Perception experiment

In a subliminal perception experiment, a number of irregular shapes are “flashed” for 1 millisecond in front of DeShawn. He is then shown two shapes—the one that was flashed and a new one—and asked to say which of the two he had previously seen, and which he preferred. While unable to correctly recognize the old shapes better than chance, DeShawn still showed a preference for them at better than chance levels. What does this finding suggest?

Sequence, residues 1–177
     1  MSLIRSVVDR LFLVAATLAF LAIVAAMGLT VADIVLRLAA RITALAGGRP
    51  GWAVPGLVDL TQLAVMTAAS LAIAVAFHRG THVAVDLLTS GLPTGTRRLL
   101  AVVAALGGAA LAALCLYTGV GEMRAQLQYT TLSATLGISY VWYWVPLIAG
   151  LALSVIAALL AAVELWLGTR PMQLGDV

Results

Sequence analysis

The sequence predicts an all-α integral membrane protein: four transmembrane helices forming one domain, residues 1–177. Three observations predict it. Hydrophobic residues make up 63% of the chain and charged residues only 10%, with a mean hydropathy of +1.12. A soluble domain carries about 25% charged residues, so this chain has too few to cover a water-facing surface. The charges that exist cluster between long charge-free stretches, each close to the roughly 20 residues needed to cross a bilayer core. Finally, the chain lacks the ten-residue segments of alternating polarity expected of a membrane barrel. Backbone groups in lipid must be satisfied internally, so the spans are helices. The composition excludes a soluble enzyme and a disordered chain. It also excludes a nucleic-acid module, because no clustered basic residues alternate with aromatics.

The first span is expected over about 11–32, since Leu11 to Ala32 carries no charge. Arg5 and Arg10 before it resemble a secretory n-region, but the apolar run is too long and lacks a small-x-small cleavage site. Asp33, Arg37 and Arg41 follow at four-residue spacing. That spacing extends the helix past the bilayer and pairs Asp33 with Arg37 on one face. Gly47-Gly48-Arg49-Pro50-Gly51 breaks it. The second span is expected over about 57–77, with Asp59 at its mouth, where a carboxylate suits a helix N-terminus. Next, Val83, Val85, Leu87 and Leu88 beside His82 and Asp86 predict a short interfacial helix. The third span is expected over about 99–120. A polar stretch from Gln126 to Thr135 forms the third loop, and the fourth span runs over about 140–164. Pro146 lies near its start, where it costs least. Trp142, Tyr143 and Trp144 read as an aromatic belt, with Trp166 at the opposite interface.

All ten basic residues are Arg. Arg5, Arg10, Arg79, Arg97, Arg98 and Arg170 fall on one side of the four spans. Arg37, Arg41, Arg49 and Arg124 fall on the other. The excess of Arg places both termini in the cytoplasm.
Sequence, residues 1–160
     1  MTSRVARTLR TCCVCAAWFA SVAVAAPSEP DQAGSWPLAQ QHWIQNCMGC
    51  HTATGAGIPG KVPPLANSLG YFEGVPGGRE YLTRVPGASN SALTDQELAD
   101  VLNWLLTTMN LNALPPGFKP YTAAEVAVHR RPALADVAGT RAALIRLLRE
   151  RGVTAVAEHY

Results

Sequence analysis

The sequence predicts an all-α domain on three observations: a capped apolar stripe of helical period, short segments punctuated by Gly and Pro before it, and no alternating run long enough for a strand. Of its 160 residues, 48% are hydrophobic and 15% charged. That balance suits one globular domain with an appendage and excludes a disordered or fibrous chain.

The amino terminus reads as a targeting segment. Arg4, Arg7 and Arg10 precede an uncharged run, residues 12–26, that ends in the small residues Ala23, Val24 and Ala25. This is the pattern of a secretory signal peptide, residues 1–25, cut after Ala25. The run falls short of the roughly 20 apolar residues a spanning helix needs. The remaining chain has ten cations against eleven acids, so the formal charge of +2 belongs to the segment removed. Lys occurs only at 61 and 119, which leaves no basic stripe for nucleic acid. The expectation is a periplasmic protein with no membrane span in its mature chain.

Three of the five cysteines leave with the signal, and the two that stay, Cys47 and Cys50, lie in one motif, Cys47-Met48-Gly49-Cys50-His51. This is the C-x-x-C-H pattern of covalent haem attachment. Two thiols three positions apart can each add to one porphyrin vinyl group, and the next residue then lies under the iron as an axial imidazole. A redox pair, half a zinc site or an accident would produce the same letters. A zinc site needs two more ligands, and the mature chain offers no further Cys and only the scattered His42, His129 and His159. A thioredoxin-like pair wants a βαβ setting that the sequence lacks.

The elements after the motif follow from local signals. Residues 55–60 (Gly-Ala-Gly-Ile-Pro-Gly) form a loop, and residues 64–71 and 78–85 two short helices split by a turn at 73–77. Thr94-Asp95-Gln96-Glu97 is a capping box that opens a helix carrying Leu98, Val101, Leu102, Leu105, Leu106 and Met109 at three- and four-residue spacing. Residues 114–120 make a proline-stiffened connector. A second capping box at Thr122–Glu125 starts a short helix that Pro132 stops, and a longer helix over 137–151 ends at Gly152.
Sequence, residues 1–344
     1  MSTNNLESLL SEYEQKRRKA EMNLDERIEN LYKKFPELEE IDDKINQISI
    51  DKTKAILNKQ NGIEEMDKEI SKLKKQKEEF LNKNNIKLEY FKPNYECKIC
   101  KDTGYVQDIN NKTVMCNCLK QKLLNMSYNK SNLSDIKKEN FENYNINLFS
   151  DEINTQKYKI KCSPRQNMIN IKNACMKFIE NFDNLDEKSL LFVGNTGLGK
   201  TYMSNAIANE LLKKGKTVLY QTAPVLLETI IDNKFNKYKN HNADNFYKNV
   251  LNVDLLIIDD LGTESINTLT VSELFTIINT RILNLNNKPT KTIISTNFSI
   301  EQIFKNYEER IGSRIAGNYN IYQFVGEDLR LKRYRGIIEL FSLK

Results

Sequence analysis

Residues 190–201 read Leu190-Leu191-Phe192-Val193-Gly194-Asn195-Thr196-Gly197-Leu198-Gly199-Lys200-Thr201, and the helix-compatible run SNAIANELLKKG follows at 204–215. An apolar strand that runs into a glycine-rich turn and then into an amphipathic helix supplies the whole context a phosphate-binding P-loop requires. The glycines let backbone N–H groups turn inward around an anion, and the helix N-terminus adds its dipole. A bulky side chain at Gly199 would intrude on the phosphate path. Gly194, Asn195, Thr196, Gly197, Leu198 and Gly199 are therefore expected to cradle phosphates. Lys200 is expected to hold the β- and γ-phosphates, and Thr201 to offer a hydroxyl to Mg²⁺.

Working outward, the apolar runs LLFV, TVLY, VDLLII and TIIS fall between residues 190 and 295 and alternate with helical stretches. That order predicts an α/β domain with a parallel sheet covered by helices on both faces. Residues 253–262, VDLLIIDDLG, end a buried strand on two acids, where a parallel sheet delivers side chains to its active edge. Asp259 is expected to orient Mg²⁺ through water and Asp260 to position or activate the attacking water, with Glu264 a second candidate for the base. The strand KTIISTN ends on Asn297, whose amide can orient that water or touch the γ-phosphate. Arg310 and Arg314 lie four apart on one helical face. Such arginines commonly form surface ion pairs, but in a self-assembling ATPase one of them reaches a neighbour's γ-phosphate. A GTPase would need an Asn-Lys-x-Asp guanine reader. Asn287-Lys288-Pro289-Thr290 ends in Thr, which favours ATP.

The shapes were too similar to be distinguishable.
We must have a preference for familiar things.
We cannot sustain our attention during such a task.
We are unable to perceive shapes flashed quickly


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